The Throne of Shiva
Michael and I take the lead up a scree-choked stream draining from the Gangjam glacier. Two hours of climbing through talus brings us to ice-blue seracs rising like frozen waveforms from the mottled glacier. An hour further, in the cirque beneath the black wall of Kailash, we begin to sink up to our knees in sun-softened snow. Michael’s altimeter reads 17,500 feet, and above us, the mountain’s north face rises in a 4,000-foot vertical thrust of glazed rock, capped by a treacherous overhanging white cornice. Jaws gone slack, we lift our eyes in awe toward the Throne of Shiva.
“How about it, bro? Break out the crampons?”
“Jesus! I am not seeing a good route on that wall,” Michael replies, and we both laugh. Kailash remains one of the few legendary mountains on this planet left unclimbed—out of reverence. “And look at that freakin’ cornice!” Michael adds “Nevé ice for sure. Like frost on a windowpane. Won’t hold your points for shit.”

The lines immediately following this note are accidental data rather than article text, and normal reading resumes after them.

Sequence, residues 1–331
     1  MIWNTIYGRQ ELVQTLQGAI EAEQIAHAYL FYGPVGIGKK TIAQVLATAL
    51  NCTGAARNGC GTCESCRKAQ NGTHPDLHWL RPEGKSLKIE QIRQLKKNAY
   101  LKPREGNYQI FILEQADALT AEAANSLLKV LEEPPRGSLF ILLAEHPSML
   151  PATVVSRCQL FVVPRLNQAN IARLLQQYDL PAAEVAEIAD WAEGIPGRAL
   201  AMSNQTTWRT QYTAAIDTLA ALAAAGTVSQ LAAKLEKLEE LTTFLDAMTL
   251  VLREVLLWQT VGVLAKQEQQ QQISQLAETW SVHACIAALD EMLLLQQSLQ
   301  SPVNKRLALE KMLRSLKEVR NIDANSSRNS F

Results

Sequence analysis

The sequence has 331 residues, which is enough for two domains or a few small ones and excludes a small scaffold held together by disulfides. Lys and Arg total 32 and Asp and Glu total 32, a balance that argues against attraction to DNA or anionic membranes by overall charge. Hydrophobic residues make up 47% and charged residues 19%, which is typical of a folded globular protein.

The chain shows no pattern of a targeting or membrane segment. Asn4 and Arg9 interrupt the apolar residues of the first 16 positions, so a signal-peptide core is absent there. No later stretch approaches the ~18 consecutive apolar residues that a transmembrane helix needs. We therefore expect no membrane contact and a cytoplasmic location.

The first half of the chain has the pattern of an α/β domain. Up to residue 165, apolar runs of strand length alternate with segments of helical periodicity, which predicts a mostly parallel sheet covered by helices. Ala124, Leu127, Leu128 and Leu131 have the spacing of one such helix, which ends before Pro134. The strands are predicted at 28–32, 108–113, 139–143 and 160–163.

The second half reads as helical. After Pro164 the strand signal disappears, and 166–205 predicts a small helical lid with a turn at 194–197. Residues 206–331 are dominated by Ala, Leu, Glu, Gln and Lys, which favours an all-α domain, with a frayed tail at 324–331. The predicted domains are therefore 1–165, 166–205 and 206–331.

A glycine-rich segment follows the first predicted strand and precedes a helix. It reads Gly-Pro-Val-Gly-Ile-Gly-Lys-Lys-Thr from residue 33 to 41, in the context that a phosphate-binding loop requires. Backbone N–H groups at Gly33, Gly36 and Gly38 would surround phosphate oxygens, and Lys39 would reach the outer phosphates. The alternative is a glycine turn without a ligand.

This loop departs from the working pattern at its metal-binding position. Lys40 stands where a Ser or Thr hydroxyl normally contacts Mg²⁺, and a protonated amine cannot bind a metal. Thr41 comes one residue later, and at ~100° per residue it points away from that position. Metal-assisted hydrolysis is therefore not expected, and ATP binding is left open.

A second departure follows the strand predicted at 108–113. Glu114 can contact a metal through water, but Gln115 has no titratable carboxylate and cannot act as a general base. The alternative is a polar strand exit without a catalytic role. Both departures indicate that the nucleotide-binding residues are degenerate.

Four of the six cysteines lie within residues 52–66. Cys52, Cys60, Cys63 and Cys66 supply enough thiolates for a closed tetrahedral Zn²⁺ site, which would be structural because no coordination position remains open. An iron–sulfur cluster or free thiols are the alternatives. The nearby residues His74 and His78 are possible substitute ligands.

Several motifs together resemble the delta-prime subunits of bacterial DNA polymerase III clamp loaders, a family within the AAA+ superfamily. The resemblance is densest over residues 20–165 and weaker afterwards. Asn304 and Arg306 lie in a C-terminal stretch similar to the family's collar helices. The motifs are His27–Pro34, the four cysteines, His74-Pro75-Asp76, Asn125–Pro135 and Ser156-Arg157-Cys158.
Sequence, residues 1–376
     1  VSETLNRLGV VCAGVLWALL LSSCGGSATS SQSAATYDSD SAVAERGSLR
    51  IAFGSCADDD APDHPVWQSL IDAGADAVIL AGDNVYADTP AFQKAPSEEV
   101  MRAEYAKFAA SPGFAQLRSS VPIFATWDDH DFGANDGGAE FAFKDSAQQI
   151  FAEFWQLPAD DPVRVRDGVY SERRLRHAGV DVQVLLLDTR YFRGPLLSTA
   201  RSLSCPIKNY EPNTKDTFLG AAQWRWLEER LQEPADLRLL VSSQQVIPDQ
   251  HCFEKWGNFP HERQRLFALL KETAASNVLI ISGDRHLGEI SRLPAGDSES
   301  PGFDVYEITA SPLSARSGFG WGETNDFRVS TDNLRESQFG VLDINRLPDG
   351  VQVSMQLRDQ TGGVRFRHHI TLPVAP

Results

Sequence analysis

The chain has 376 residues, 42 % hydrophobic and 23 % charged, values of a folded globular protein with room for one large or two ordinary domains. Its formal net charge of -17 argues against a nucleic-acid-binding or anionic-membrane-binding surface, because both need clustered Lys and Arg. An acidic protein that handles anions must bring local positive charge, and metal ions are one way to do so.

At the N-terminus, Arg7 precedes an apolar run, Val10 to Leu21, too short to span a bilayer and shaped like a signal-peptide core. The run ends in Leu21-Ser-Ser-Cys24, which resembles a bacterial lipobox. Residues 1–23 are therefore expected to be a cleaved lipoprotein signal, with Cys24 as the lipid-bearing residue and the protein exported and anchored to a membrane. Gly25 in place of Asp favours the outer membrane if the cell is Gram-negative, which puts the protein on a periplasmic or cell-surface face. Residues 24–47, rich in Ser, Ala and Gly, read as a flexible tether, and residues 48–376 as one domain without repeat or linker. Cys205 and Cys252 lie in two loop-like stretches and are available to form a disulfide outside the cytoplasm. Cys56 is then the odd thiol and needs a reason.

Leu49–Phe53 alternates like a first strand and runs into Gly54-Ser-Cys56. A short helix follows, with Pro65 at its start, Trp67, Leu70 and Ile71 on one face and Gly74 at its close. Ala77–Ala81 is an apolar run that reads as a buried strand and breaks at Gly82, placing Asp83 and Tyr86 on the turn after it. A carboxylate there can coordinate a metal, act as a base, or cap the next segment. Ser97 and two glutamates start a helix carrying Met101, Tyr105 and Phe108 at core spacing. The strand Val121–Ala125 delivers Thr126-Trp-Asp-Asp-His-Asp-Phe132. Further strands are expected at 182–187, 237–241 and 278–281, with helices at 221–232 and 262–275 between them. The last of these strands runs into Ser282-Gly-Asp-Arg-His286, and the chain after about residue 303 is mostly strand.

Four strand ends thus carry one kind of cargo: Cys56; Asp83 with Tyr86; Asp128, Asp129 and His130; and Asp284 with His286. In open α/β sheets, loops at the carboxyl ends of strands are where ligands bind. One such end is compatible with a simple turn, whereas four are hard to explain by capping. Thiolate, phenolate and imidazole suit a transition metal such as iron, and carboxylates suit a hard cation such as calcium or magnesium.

There were rumors, nearly a decade ago, that the legendary Austrian mountaineer, Reinhold Messner had surreptitiously planned to bag Kailash, a task which he certainly had the skill and resources to accomplish. But when Messner saw the Precious Snow Mountain for himself, he realized what a desecration it would be to set crampons on its face or boots on its summit. He’s since become a vocal proponent of keeping Kailash off-limits to climbers in perpetuity.